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It is the case that civil justice problems constitute the bulk of courts’ work in both the state and federal legal systems (see, e.g., Court Statistics Project, 2006; U.S. Courts, 2007). Nevertheless, a decision rendered by a jury (or a judge) takes place in only a relatively small percentage of civil disputes. There are exponentially more civil disputes resolved outside of court than are resolved via jury verdicts (see, e.g., Galanter, 1983, 1993, 1996; Miller & Sarat, 1980–1981; Trubek, Grossman, Felstiner, Kritzer, & Sarat, 1983), a state of affairs true for the UK as well as the US (Pleasence, 2006). Hersch’s (2006) analysis of nearly 3,800 federal civil cases shows even a litigant’s request for a jury trial rather than a bench trial (regardless of whether it emanates from the plaintiff or the defendant) in trial-eligible cases is more likely to result in the parties’ out-of-court settlement than it is to result in a jury verdict.
The empirical reality, thus, is that juries play only a limited—it is fair to say, a relatively minor—role in civil dispute resolution. Yet jury research has dominated the scholarship of the psychology and law community virtually since the revival of psycholegal research in the 1970s, and the pattern of focusing on jury matters continues today. This chapter is a call for psycholegal scholars to study civil justice matters beyond the context of litigation and the courts, both to allow us to better understand the resolution of civil issues in the litigation/court contexts and to better understand the larger institutional (and sometimes societal) contexts in which civil disputes materialize and are most often resolved (see Felstiner, Abel, & Sarat, 1980–1981; Galanter, 1983, 1993, 1996; Kritzer, Vidmar, & Bogart, 1991; Trubek et al., 1984; Trubek, Sarat, Felstiner, Kritzer, & Grossman, 1983).
An area of psycholegal research that has provided significant insights into civil disputes is the different conceptualizations of ‘‘justice.’’ Over the last fifty years or so, there has been a great deal of commentary and research into various psychosocial constructs of justice. In this chapter we focus on the more prominent justice theories, that is, distributive, procedural, restorative, and retributive justice (e.g., Tyler, Boeckmann, Smith, & Huo, 1997).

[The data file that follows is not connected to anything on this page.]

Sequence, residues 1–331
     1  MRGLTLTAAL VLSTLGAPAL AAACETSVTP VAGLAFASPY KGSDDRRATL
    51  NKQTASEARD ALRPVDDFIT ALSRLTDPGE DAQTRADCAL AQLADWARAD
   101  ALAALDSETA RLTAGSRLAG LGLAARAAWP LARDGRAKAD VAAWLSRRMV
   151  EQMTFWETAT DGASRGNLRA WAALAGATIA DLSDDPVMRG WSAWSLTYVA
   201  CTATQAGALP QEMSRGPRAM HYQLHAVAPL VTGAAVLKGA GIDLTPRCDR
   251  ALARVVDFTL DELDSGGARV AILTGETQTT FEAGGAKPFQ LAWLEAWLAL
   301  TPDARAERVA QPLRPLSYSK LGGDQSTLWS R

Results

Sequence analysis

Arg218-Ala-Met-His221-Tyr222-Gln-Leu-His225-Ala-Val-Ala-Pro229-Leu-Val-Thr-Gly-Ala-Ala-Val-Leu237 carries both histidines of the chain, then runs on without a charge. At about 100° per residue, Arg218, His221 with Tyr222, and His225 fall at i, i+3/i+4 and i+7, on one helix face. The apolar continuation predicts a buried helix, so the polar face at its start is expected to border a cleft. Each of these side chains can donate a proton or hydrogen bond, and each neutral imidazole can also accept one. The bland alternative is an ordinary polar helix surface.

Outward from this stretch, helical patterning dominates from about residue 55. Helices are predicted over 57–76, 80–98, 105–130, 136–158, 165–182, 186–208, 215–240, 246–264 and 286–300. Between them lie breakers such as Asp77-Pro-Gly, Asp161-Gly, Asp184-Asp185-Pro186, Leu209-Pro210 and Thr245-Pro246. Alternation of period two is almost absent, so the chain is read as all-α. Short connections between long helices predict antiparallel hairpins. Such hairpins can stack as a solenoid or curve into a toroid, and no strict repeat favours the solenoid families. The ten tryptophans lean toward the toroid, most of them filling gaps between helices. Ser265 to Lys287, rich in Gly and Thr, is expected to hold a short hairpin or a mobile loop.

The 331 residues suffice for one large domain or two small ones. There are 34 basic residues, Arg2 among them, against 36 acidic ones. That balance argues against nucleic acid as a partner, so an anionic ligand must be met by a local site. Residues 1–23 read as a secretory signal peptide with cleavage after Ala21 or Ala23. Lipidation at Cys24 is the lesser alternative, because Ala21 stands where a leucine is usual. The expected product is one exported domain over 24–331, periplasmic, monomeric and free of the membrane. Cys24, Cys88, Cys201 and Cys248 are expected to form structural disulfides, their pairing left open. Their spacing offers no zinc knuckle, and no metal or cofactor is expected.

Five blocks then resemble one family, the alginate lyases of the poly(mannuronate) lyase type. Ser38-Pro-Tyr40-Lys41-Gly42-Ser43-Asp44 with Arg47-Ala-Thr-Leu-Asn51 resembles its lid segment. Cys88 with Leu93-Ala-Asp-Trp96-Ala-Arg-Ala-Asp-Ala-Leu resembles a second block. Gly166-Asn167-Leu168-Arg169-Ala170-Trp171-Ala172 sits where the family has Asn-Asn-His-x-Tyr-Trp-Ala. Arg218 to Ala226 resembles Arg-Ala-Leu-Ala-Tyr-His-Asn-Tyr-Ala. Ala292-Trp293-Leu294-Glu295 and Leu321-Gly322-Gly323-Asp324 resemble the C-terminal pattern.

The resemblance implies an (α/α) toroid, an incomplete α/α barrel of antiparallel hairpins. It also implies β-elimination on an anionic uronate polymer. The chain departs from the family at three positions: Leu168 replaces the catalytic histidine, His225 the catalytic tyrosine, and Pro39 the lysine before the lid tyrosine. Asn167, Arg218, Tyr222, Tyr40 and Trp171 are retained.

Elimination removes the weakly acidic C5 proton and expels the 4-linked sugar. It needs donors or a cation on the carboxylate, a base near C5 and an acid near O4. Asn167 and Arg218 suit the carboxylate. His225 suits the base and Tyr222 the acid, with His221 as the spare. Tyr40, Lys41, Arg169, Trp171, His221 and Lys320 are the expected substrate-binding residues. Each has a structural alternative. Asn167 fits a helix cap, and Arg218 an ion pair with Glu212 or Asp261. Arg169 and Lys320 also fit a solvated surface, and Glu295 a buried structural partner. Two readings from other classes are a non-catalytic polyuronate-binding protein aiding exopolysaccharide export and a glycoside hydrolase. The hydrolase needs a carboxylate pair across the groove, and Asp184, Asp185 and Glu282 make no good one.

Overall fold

Briefly, distributive justice is concerned primarily with the perceived fairness of the outcome of a given proceeding, whether that proceeding is judicial, quasi-judicial (e.g., arbitration, mediation, or some other form of dispute resolution), or entirely non-judicial in nature (e.g., legislative decisions that affect distribution of resources). Procedural justice, in contrast, is concerned with whether the procedures used in a given process are considered fair by the participants, and is similarly not restricted to judicial settings. Restorative justice is concerned, as the name implies, with restoring an injured party to his or her pre-injury state and helping the injuring party recognize and redress the injurious nature of his or her acts. Finally, retributive justice looks at the psychology of responding to harms that have been inflicted. Recent research indicates that retributive and restorative justice principles are, as with the distributive and procedural justice contexts, applicable outside the judicial context (e.g., Morrison & Ahmed, 2006).
In this chapter, we will briefly discuss justice constructs and offer examples of important questions outside the courtroom litigation realm that we believe present opportunities for psycholegal scholars to more fully develop our understanding of civil justice.